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The University of Victoria's first sorority is in the pink, but UVic students aren't rolling out the red carpet.

Almost 65 per cent of the 500 people who attended the Students' Society annual meeting said they didn't want their fees supporting a club that rejects men and fuels undesirable behaviour.

But Kappa Beta Gamma organizer Ashley Slade wasn't dissuaded. Last month, she turned down 20 women eager to join the sorority, which today has 28 members.

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"I would love to help some girls get another sorority started," said Ms. Slade, 20, a third-year English major who launched the organization in October.

UVic students want their school to maintain its reputation for inclusiveness, one sorority opponent said.

"The sorority is an exclusive organization that limits membership, creating a hierarchical structure," said Tara Paterson, 21, a fourth-year political science and women's studies student.

And transgendered students, who don't consider themselves male or female, aren't welcome.

"Sororities promote the false understanding that there are only two genders. There's a spectrum of genders," said Jaraad Marani, 24, a third-year sociology student and a Students' Society director.

Until now, the absence of sororities has lured students to the 17,000-student school, he said.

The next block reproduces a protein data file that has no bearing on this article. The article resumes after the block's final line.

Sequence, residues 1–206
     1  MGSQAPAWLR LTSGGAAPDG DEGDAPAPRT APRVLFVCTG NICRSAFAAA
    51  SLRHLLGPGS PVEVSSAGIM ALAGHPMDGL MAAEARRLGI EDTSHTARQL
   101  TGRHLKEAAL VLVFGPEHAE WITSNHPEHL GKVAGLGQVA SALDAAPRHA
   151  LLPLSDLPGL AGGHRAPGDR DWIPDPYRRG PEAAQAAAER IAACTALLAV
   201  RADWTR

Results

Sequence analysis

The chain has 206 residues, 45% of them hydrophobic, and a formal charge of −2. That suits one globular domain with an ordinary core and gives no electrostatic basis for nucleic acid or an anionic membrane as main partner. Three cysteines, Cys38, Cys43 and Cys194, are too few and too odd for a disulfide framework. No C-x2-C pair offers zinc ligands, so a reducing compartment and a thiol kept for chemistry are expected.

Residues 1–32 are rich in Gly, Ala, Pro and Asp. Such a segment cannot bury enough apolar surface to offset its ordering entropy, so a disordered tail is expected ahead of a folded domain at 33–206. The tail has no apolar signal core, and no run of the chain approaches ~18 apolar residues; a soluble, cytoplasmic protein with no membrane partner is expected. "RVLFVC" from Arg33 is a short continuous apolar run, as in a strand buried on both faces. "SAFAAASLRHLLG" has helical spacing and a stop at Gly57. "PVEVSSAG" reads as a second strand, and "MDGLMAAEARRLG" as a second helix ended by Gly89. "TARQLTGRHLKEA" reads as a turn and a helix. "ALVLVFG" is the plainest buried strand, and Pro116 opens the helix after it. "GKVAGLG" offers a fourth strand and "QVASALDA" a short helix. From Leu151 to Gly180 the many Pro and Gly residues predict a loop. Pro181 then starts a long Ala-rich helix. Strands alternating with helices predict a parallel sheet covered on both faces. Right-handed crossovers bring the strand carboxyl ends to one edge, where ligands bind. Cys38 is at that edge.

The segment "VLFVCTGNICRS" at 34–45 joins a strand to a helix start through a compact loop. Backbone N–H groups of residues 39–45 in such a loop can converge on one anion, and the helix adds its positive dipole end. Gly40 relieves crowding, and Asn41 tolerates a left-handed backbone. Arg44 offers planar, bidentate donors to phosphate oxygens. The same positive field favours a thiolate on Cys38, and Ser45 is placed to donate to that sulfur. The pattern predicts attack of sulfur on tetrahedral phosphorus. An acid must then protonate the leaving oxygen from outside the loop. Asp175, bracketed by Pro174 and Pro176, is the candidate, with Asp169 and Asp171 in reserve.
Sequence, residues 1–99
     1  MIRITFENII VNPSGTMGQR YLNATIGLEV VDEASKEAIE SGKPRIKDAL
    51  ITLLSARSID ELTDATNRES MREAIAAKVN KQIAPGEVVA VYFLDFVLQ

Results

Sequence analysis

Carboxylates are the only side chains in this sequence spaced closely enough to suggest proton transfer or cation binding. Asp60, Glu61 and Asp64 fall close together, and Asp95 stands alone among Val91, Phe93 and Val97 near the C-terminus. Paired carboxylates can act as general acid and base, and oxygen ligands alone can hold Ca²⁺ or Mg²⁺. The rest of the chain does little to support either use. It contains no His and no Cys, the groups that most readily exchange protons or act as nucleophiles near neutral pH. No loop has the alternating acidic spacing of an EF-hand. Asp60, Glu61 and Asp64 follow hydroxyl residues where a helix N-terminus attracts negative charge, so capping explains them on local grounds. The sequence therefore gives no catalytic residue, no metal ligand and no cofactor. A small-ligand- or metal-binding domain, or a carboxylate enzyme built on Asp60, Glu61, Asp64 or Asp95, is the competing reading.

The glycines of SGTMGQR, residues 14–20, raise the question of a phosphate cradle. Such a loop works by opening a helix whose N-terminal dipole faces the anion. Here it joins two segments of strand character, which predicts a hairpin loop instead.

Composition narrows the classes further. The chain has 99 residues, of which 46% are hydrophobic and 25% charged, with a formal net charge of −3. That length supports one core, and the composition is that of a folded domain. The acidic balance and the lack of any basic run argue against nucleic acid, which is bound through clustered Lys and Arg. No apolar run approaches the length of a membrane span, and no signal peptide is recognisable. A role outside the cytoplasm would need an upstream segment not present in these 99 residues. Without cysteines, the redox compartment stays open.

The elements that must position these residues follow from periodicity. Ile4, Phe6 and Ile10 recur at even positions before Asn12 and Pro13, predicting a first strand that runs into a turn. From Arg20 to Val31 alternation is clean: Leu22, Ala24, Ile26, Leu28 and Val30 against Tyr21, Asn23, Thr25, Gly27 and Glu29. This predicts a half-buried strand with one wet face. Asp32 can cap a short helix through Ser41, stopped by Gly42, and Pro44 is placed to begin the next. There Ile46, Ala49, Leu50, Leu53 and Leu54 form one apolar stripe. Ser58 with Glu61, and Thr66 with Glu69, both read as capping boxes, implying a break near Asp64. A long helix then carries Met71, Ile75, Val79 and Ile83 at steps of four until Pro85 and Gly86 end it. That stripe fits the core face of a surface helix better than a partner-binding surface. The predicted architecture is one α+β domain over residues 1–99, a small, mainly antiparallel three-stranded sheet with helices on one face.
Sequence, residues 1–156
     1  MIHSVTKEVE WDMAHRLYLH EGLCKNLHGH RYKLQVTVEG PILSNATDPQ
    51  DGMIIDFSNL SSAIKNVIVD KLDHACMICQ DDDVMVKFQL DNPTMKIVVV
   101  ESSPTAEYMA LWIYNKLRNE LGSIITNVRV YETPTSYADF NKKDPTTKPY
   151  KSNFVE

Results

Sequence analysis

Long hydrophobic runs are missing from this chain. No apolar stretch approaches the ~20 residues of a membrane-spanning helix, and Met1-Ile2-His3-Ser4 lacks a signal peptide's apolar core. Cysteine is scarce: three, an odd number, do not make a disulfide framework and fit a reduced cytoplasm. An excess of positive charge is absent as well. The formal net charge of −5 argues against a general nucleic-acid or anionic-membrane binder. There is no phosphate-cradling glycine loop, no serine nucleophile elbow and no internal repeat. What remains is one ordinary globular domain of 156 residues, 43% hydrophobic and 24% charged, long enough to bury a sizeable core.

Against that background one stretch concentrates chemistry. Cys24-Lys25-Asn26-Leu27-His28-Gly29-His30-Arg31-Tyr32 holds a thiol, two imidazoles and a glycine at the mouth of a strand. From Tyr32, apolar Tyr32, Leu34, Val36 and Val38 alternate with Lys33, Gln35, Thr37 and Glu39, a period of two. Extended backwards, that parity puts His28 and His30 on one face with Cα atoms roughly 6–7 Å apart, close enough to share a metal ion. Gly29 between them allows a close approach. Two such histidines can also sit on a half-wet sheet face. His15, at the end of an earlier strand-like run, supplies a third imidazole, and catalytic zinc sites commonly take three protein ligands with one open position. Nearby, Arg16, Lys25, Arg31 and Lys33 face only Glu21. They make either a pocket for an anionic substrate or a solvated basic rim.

"UVic has always had a position of non-recognition of sororities. A lot of people like that. That's why they come to UVic," Mr. Marani said.

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When Ms. Slade arrived at UVic, she lived on campus but said she never felt an "emotional connection" with events or clubs.

"I want a place where girls can come and do things together like a family away from home," she said. "People are looking for structure, a way to learn roles."

Kappa Beta Gamma members meet weekly at various locations on and off campus to learn leadership skills and raise money for charity.

In Canada, there are almost 50 chapters of sororities in all but four provinces, said Julie Johnson, spokeswoman for the National Panhellenic Conference, a worldwide umbrella organization for sororities.

Keeping men out of the groups creates a supportive environment that encourages mentoring, Ms. Johnson said from Charlotte, N.C.

The chair of gender, sexuality and women's studies at sorority-free Simon Fraser University said the litmus test for Kappa Beta Gamma will be its progressiveness. With an image still tied to debutantes and cotillions, it will boil down to how socially inclusive it is, Catherine Murray said.

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Kappa Beta Gamma's 28 members include a bisexual woman, a Filipina single mom and an aboriginal, Ms. Slade said, adding that, unlike stereotypes of sorority girls, she comes from a "low-income" family.

When she lived in residence, Ms. Slade witnessed excessive drinking and fighting, she said.

She pledges that Kappa Beta Gamma will promote maturity and responsibility. And her devotion to the cause has come with a price.

The part-time shoe store employee has spent about $500 launching Kappa Beta Gamma. And her five-year relationship with her boyfriend has gone from alpha to omega.

"We broke up because I was investing so much of my time in this."

Special to The Globe and Mail

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